PETE SELL VS MATT BROWN AT UFC 96
In what could be a sleeper nominee for Fight of the Night, MMAWeekly.com has confirmed with sources close to Pete “Drago” Sell that he will be making his Ultimate Fighting Championship return on March 7 against Matt Brown at UFC 96 in Columbus, Ohio.
Denis Kang’s best day may still not be enough against Alan Belcher
“If I could fight the guys in the UFC in a Muay Thai fight, I think I would destroy them, it wouldn’t even be close. I wouldn’t have to hold back. But you’ve got to worry about the takedowns and stuff like that…I’m getting to the point where it’s hard for anybody to take me down. I mean [Kang’s] going to have to work really hard. If he’s on his best day, his best performance, it’s still going to be hard for him to take me down at all and then if he does then I’ve got a couple of tricks up my sleeve for him. You never know, I’m might slap a triangle or something on him.”
Hendo Anticipates Technical Battle At UFC 93
Eleven years into a fighting career, Dan Henderson takes improvement in bits and pieces.
“It’s just a matter of who’s in front of me and what my game plan is, and that’s kind of the things I focus on for those few months,” Henderson tells MMAWeekly.com. “There’s so many things in MMA that need improving that it’s hard to get to everything at once, so I think it’s good to take one fight by one fight and improve on certain skills.”
His impending battle with Rich Franklin at UFC 93 has been a fan dream ever since the two were champions in rival organizations. No title is at stake, however, and both fighters have options at middleweight or light heavyweight. It’s just another tough fight on a road the 38-year-old former Olympian sees himself walking for another two years, give or take.
UFC Quick Quote: Michael Bisping would prefer to fight Dan Henderson
“For me personally I’d prefer Dan Henderson to win. Number one because it would be great to fight such a true legend. And number two, simply because Franklin is a southpaw, and southpaws are a bit of a pain in the backside. Chris Leben, my last opponent, was a southpaw and it changes everything — you have to change your footwork, it mixes everything up. When you’re not used to the fighter it makes it quite difficult. It didn’t really bother me last time for the fight, it was the training that was a pain in the arse. It adds an a extra hassle, an extra different dimension you have to take care of.”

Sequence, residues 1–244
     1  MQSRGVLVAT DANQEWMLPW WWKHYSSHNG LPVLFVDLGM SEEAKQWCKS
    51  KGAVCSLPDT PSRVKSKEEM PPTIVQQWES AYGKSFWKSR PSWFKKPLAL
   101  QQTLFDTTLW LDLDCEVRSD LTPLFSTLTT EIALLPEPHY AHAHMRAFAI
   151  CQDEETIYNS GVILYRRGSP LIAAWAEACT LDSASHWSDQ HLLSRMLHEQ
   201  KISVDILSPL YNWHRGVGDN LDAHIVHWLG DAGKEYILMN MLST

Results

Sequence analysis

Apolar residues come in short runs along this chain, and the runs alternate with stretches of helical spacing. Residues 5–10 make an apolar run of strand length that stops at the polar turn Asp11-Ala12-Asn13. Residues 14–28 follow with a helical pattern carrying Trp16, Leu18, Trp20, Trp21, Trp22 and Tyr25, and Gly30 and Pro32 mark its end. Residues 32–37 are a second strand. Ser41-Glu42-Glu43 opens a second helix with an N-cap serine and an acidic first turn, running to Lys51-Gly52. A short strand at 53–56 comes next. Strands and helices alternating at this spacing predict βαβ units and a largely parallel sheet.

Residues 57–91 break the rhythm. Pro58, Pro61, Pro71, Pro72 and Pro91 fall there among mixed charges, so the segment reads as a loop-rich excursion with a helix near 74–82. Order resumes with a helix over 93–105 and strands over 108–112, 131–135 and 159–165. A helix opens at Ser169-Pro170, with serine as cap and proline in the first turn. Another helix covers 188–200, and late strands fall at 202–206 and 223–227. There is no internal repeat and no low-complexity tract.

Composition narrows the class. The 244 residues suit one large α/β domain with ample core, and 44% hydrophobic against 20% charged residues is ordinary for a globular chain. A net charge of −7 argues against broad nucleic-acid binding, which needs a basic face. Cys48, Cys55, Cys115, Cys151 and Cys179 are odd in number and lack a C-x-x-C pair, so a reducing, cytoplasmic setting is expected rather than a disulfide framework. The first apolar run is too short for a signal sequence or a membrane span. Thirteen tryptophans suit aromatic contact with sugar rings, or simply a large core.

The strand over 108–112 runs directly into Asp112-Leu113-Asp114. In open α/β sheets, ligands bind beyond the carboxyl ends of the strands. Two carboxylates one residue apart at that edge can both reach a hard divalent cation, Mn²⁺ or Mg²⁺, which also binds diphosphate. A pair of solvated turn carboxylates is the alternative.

Anderson Silva Interview
Anderson trains strongly to face Thales Leites, and spoke with TATAME.com about the preparation, “Minotauro” Nogueira and Wanderlei Silva’s loss in UFC 92 and much more.
Thiago Alves eager for next challenge
.“It will be a tough fight and I will be there watching in the first chairs. Taking into account the fact that the fight will be disputed in 25 minutes, I believe that St. Pierre has more chances, because he is a better athlete, but, technically speaking, I believe that BJ Penn is more complete because he is best on foot, is better on the floor, only in wrestling I believe that the GSP is better, but if BJ will come in great shape I think he has more chances" bet the Brazilian.
"Agreement" or not, Chris Lytle willing to adapt style to win
The first bout of any mixed martial arts broadcast can easily set the tone for the remainder of the evening.
While that can be a risky proposition for many combatants, it's safe to assume Saturday's "UFC 93: Franklin vs. Henderson" will be off to a quick start when Chris Lytle meets Marcus Davis.
And while the two have a well-documented "gentleman's agreement" to keep the fight standing, Lytle says he'll do whatever it takes to win.
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Ask the Doc: Dr. Benjamin on MMA, concussions and mental illness
In the wake up the recent deaths of MMA fighters Evan Tanner, Justin Levens and Justin Eilers, many fans are struggling to find a correlation.
While there may be none, some people, including researcher Chris Nowinski, see combat sports (and concussions) going hand-in-hand with depression and mental illness in later life.
In his latest “Ask the Doc” column, combat-sports specialist Dr. Johnny Benjamin discusses the topic, specifically as it relates to MMA, and why there’s so little relevant information available on it. He also gives two reasons why there’s so much controversy about trying to connect the two.
Q. Dave Meltzer recently wrote an article discussing three unrelated deaths of former UFC fighters; two of the fallen fighters were known to suffer from depression. Metzler notes Chris Nowinski’s studies correlating boxing to mental illness later in life. Many fans and fighters feel MMA is safer than boxing. MMA fighters are more likely to suffer a few concussive blows (i.e. knockouts) as opposed to a myriad of “padded” shots as in boxing. Many fights end without any substantial head shots. Is it fair to assume the same long-term consequences in MMA? Steve in Los Angeles